However, draining and venting an island requires a professional. The drain line has to drop through the floor beneath the cabinet and link with an existing drain line, running at a specified slope. Furthermore, since there’s no wall behind it, an island must be wet-vented. This part of the job is tightly regulated by codes and should be left to a professional.
Venting an island cooktop is usually more difficult than wiring it. One option is to suspend a vent hood from the ceiling and route the exhaust ducts to the outdoors. However, you’ll need to conceal the ducting in a soffit or run it up through the roof An island hood should be at least as wide as the cooking surface, but 3 in. wider on each side is even better. The height of the hood should be based on the manufacturer’s recommendations; the standard height is 36 in. above the cooktop. Another strategy is to select a cooktop that has an integral downdraft system or to mount an independent downdraft unit just beneath the cooktop. Both use powerful fans to draw fumes, moisture and odours through a surface-mounted grill, which directs them to ducts running beneath the floor, along joist spaces and through an outside wall.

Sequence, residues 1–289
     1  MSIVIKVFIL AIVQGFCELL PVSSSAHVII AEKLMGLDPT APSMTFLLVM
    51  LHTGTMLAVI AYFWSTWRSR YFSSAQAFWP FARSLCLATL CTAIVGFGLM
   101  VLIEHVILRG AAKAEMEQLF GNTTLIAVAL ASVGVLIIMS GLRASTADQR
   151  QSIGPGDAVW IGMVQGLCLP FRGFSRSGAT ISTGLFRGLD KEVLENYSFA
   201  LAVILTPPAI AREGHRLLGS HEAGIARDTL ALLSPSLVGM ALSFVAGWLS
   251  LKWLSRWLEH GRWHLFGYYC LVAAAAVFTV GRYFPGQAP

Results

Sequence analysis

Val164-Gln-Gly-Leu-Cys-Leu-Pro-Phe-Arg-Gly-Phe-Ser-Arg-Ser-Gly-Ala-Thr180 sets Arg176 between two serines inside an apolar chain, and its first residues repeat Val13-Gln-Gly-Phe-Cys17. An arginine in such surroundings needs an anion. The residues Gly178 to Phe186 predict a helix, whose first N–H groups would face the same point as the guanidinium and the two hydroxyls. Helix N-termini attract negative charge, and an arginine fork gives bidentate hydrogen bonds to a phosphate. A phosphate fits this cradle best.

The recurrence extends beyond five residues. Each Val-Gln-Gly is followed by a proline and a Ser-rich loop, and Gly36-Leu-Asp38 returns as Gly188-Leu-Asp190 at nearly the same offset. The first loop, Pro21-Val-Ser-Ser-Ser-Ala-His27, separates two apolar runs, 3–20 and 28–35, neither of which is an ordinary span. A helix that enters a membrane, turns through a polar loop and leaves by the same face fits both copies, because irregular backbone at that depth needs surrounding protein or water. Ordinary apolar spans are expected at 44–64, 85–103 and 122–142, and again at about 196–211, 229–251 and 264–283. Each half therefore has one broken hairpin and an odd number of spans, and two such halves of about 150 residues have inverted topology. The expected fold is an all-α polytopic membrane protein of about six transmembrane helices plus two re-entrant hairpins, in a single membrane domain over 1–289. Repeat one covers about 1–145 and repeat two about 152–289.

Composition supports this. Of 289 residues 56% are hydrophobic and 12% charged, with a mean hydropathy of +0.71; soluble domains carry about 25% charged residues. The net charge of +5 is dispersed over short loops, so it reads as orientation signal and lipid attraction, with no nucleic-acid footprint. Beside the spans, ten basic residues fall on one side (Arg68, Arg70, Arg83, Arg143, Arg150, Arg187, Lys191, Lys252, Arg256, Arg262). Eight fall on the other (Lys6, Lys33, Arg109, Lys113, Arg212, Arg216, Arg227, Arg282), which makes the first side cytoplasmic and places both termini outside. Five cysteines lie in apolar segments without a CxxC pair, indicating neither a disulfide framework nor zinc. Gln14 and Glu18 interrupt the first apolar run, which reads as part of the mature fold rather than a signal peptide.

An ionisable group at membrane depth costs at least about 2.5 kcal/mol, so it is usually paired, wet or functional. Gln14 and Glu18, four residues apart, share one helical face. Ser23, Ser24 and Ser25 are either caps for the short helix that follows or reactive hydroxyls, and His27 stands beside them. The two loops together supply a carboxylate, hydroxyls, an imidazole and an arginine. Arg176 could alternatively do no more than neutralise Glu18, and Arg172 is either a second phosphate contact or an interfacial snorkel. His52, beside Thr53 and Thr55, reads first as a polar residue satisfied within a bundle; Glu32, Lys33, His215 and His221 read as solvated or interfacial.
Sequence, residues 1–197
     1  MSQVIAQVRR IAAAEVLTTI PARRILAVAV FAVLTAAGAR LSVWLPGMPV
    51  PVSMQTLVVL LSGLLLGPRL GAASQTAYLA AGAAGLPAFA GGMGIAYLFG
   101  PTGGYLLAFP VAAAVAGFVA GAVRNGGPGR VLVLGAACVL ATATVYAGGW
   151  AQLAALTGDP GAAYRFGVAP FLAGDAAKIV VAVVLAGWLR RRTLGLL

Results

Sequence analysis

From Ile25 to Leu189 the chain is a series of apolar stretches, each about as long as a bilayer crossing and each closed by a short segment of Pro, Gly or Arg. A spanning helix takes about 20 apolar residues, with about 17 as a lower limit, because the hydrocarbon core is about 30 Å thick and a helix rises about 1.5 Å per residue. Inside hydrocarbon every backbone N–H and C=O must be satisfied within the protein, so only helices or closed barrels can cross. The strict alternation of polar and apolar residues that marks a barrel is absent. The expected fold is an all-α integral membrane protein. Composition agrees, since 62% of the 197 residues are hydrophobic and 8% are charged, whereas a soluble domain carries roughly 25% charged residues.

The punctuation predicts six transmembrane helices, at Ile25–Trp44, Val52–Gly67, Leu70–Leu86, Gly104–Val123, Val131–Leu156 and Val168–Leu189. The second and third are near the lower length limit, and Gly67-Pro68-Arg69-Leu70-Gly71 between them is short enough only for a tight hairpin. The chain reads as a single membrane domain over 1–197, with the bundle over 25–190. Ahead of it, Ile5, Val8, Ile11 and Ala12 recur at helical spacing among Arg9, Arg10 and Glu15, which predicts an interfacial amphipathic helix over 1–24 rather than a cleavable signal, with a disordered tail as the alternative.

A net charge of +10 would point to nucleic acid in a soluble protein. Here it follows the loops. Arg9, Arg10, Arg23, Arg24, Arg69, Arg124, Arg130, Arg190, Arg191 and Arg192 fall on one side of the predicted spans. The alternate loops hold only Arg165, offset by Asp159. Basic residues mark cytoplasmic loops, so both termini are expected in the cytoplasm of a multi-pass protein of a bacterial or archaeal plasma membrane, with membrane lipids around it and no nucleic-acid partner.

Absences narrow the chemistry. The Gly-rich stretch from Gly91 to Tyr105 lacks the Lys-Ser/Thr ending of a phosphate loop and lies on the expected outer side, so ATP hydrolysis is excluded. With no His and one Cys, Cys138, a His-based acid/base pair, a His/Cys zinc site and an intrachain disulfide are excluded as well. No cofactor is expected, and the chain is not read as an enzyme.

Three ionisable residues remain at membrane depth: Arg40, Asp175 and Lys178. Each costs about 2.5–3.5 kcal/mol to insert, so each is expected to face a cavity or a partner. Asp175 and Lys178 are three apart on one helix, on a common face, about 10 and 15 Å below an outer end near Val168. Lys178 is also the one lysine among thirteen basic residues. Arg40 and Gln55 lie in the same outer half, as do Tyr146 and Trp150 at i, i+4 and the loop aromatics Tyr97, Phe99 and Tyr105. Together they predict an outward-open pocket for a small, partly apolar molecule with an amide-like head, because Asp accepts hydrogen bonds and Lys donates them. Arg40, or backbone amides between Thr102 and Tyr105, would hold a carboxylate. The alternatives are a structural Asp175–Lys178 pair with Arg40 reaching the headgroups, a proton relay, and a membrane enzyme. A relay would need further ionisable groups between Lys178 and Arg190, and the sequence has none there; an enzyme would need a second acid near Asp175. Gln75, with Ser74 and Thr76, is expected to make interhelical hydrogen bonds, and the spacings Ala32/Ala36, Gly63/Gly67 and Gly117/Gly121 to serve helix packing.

You won’t be comfortable or safe working at your island if your hands are always in shadow. Lighting offers many opportunities to alter the appearance and functionality of your kitchen, so rake your time choosing and placing the lighting fixtures. After all, the island is likely to become your family’s favorite kitchen work area and gathering place.